CANADA'S LEADING INFORMATION SOURCE FOR THE METALWORKING INDUSTRY

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CANADA'S LEADING INFORMATION SOURCE FOR THE METALWORKING INDUSTRY

CANADA'S LEADING INFORMATION SOURCE FOR THE METALWORKING INDUSTRY

Canadians wary of autonomous cars: research

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Autonomous vehicles may be the future but Canadians don’t trust them yet, according to new research released by the Canadian Automobile Association (CAA). The research results come on the eve of a major conference that looks at the guture of autonomous vehicles.

Nearly two thirds (63 per cent) of Canadians say they would not trust a vehicle to drive itself while they are in it, stating concerns such as vehicle hacking, theft of data generated by the vehicle, and accountability in the event of an accident.

Despite their doubts today, Canadians still believe there are benefits to driverless cars in the future, such as improved accessibility for people with mobility issues and fewer road safety incidents due to reduced human error. In fact, more than half (57 per cent) of Canadians say they think this technology will advance to a point where they would fully trust a driverless car in the next 10 years.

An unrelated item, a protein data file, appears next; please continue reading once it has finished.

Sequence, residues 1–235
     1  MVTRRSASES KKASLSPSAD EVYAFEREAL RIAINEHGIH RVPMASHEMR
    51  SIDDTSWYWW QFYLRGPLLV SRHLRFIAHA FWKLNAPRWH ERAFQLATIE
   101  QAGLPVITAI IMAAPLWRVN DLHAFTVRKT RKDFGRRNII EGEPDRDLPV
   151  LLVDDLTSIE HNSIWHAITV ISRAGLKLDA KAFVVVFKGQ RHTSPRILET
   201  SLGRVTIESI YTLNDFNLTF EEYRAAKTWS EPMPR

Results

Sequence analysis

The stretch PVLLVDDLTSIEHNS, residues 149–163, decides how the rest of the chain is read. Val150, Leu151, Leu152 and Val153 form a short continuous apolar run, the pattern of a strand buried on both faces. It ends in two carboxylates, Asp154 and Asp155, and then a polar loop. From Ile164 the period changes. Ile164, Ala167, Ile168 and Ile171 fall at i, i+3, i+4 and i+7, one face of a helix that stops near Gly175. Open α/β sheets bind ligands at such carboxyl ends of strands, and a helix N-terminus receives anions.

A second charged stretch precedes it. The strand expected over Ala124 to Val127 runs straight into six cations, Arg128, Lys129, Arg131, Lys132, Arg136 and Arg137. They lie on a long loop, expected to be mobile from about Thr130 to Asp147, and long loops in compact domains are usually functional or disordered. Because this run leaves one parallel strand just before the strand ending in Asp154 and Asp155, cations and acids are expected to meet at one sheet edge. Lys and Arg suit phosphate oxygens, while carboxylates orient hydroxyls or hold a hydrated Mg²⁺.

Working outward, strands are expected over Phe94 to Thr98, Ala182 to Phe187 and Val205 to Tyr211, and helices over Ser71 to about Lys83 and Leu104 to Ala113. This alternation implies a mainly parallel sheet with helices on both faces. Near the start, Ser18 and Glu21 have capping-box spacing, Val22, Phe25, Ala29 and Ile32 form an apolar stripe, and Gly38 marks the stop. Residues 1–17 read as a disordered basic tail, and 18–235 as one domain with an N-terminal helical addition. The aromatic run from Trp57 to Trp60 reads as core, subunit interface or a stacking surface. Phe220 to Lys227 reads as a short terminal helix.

“Canadians clearly see the potential. We are just not there yet. Conferences like this one will help advance the dialogue around the pros and cons of this new technology,” says Jeff Walker, VP of Public Affairs for CAA National. “Wherever the debate leads, CAA will be there to make sure the views of the driving public are well represented.”

The public opinion research was done in conjunction with the Conference Board of Canada’s conference, Automated Vehicles: Planning the Next Disruptive Technology, being held Tuesday, April 19 and Wednesday, April 19 in Toronto. CAA, which is sponsoring the conference, will also moderate a panel on the privacy considerations surrounding driverless cars on Tuesday at 2:45 p.m.

The results are based on a survey of 2,090 representative Canadians, conducted between March 23 and March 30, 2016. A probability sample of the same size would yield a margin of error of ±2.2 per cent, 19 times out of 20.

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